Research may explain antidepressants' effectiveness
THURSDAY, April 17 (HealthDay News) -- The antidepressant Prozac has been shown to restore old brain cells to their more plastic youthful condition in animal experiments, researchers report.
The work not only provides a possible new explanation for the antidepressant activity of the medication but also raises the distant prospect that it could be used to treat other conditions caused by malfunction of brain cells, said study lead author Jose Fernando Maya Vetencourt.
"It suggests potential clinical applications for the drug in different pathologies," said Vetencourt, a researcher in neurobiology at the Scuola Normale Superiore in Pisa, Italy. One of them is amblyopia, the "lazy eye" condition in which one eye is weaker than the other, because it was not used enough in early childhood, he said.
It's much too early to say when, whether or how Prozac, whose generic name is fluoxetine, could be used in such treatments, Vetencourt said. It's also too early to say whether other members of the chemical family of antidepressants to which Prozac belongs have the same youth-restoring ability, or whether other antidepressants do the same thing, he said.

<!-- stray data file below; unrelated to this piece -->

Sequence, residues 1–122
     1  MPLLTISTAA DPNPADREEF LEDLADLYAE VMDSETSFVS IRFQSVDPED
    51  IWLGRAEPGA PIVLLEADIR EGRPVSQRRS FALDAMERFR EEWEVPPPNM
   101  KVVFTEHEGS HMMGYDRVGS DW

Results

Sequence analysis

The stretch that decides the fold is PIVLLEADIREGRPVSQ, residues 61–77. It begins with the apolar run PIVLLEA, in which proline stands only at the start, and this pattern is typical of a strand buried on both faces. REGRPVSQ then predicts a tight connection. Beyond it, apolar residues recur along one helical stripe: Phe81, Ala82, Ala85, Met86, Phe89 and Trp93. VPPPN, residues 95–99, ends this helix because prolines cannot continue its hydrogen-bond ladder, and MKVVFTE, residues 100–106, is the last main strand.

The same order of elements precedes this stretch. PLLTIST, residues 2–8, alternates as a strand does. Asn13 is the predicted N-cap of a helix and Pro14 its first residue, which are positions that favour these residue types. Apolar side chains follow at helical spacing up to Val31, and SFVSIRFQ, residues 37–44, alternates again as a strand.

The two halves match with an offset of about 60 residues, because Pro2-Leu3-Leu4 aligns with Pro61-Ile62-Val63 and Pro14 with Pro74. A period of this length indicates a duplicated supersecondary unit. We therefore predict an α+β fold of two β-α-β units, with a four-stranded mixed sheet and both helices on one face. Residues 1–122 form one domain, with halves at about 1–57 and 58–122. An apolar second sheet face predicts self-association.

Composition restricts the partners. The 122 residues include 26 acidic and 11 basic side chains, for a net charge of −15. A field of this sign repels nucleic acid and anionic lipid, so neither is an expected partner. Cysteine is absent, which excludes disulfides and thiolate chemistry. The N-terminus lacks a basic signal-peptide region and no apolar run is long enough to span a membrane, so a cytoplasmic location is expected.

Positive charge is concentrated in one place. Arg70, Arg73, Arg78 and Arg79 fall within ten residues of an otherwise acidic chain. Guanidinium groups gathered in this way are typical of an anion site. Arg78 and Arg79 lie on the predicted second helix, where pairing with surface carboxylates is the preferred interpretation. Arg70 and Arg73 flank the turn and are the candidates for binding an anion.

"All this needs to be validated in animal models," Vetencourt said. His study colleagues, who included researchers in Finland, have begun to study "the expression of genes which may be correlated to the functional changes," he said.
The findings were published in the April 17 issue of the journal Science.
Amblyopia was listed as a possible target, because the experiments were aimed at the brain cells governing vision. Vetencourt and his colleagues gave regular doses of Prozac to adult rats whose vision had been impaired by lack of exposure to visual images at a critical period in their early development. Tests showed changes in brain protein expression and electrical signaling typical of
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